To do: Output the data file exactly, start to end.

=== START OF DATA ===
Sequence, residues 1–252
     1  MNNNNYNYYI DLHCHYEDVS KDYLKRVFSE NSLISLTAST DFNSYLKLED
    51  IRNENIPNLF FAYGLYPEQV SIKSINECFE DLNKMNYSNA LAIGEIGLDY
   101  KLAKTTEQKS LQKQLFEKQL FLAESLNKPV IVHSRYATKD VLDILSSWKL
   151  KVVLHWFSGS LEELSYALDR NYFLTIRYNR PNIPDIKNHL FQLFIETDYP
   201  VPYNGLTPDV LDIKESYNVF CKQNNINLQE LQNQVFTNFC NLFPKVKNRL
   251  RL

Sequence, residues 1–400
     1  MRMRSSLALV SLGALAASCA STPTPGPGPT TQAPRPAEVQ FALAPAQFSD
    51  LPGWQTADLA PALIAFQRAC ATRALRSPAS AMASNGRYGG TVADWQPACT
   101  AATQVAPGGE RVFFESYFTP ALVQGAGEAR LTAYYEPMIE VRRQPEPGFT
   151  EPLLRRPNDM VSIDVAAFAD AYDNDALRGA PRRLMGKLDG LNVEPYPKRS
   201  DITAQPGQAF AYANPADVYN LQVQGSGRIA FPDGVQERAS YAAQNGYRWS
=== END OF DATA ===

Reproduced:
Sequence, residues 1–252
     1  MNNNNYNYYI DLHCHYEDVS KDYLKRVFSE NSLISLTAST DFNSYLKLED
    51  IRNENIPNLF FAYGLYPEQV SIKSINECFE DLNKMNYSNA LAIGEIGLDY
   101  KLAKTTEQKS LQKQLFEKQL FLAESLNKPV IVHSRYATKD VLDILSSWKL
   151  KVVLHWFSGS LEELSYALDR NYFLTIRYNR PNIPDIKNHL FQLFIETDYP
   201  VPYNGLTPDV LDIKESYNVF CKQNNINLQE LQNQVFTNFC NLFPKVKNRL
   251  RL

Sequence, residues 1–400
     1  MRMRSSLALV SLGALAASCA STPTPGPGPT TQAPRPAEVQ FALAPAQFSD
    51  LPGWQTADLA PALIAFQRAC ATRALRSPAS AMASNGRYGG TVADWQPACT
   101  AATQVAPGGE RVFFESYFTP ALVQGAGEAR LTAYYEPMIE VRRQPEPGFT
   151  EPLLRRPNDM VSIDVAAFAD AYDNDALRGA PRRLMGKLDG LNVEPYPKRS
   201  DITAQPGQAF AYANPADVYN LQVQGSGRIA FPDGVQERAS YAAQNGYRWS